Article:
Nintendo 3DS Has One Critical Flaw

If you've been anywhere near a Toys R Us in the past month, you'll have seen a new version of the Nintendo handheld console called the Nintendo 3DS. It's actually pretty cool: it displays images in three dimensions without glasses and it takes 3D pictures and plays 3D video. It also plays most older Nintendo DS games.

How does it work? Well, the screen sends two different images to your right and left eyes separately. The trick is that you have to look through the screen, like those crazy old Magic Eye posters that they used to sell at the mall, and you can see the moving characters inside the device. Little airplanes look like they're flying past realistic mountains and little fighting characters appear less than an inch tall but seem to float in a little battlefield in front of you. 


The real selling point for Nintendo fans is the upcoming availability of one of the Zelda games in 3D and some upcoming releases including Pac-Man and Mario titles. Older titles will work in the 3DS but will not be converted into 3D -- yet. Rumor has it that Nintendo has some plans add 3D to older games.

It costs $249.99 and comes in black and blue. Games range from the fairly violent -- Street Fighter -- to the silly -- Super Monkey Ball. There's something for everyone. There's even a 3D version of the pet care game, Nintendogs.

So, should you buy it for your kids?

My son, who is 5, loves it but took one look at the 3D and turned it off. An optometrist I spoke to noted that while there is no potential for eye damage in using the device, the 3DS can cause headaches and a slight visual distortion after more than 30 minutes of playing. My son, on the other hand, hated it off the bat and for good reason -- he just couldn't focus his eyes correctly to experience the 3D. Nintendo recommends the console for kids 8 and older, and I agree with them. A little slider on the side allows you to turn off the 3D and a parental lock code lets you keep it off until you allow it.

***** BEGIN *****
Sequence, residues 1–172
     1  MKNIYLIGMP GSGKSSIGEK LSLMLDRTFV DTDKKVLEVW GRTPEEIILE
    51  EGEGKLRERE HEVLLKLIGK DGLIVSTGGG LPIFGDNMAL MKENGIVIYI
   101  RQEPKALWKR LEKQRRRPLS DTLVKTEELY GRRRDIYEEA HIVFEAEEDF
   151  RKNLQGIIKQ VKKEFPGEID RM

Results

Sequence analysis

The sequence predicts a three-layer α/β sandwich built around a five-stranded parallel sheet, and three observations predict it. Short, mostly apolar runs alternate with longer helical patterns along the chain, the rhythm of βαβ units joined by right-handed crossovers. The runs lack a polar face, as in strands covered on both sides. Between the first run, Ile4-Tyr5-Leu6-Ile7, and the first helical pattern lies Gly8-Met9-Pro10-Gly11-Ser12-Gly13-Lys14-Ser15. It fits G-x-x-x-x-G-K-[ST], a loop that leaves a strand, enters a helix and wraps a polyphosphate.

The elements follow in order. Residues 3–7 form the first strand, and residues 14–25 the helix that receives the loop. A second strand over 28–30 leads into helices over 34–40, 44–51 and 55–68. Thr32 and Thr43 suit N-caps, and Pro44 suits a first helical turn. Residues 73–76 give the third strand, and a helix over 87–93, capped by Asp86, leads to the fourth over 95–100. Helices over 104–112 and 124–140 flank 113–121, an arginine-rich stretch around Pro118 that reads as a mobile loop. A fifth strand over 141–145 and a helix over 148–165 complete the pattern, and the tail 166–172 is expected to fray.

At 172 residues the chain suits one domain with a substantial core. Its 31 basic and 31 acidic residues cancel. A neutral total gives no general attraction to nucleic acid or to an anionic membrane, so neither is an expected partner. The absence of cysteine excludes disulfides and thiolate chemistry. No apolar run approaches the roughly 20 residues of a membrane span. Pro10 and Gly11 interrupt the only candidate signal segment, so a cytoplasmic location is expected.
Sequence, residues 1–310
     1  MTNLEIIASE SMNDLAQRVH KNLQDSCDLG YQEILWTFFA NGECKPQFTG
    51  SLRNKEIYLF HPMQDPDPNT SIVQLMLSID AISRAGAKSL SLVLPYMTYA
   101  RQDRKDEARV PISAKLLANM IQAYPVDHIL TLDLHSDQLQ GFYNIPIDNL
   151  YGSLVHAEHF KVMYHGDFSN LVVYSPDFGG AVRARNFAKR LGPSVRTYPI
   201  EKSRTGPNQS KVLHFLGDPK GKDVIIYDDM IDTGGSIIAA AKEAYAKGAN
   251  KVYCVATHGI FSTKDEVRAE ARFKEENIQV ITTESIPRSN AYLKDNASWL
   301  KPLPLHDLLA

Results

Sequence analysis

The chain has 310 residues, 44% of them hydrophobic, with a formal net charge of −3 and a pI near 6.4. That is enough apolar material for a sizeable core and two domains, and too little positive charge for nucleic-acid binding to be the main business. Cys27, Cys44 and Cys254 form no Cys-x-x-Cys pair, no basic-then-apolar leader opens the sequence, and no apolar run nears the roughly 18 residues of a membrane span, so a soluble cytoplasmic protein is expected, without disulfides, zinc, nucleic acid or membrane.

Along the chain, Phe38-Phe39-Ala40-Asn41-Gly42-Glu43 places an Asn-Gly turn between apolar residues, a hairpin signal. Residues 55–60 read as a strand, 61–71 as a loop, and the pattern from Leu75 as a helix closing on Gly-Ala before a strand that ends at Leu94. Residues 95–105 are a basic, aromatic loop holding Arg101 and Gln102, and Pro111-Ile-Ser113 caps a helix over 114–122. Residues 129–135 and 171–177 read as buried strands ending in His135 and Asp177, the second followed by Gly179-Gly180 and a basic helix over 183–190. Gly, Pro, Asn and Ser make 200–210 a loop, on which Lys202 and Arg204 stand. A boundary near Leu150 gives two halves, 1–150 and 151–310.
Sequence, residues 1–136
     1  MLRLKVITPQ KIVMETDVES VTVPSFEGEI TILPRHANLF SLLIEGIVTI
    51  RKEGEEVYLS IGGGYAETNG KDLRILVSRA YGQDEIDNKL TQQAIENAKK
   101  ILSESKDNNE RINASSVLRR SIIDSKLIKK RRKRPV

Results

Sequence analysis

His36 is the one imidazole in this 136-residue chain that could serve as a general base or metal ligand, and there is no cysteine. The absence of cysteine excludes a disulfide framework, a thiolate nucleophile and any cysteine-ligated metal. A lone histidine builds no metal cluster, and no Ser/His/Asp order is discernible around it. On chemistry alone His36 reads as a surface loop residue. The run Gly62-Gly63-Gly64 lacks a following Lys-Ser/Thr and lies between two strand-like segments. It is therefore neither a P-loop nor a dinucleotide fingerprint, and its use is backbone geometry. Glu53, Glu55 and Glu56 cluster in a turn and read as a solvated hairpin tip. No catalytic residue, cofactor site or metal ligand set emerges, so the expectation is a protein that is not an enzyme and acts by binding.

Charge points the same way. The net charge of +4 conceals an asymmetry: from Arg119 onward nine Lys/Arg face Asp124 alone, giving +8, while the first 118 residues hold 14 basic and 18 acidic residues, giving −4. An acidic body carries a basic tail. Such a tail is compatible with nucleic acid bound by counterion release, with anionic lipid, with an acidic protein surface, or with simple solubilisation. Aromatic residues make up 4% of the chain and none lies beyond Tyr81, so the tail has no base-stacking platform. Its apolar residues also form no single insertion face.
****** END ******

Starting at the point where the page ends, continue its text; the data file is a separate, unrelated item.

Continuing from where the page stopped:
Another interesting feature is the 3D camera on the front. It lets you take 3D shots of almost anything, but the photos are only viewable on the 3DS or on a 3D TV with a bit of tinkering. This is more of a gimmick right now, but expect it to become more interesting as 3D takes off.

If your kids are playing the DS or DSi right now -- Nintendo's older handheld consoles -- you're probably fine without upgrading until the console falls into the tub or is lost. The number of titles is limited for the 3DS, and until some of the more popular Nintendo series, including Mario Kart, appear for the platform, it's hard to really sell this as a direct step up. However, if you're buying a new console for a birthday or holiday, this is the one you'll want. It's basically Nintendo's state-of-the-art device and it's future-proof.

Will it make your kids blind? No. It will confuse them a bit at first and they'll probably end up turning off the 3D features, but that initial "wow" factor and subsequent tries with better and more immersive games will make 3D worth it. Nintendo has captured the hearts and minds of thousands of kids (myself included), and this is the next step in their march toward young gamer domination. Basically, once you pick this thing up for the kids, the only question will be how to steal it back from junior so you can play a few games of the 3D flight simulator PilotWings.

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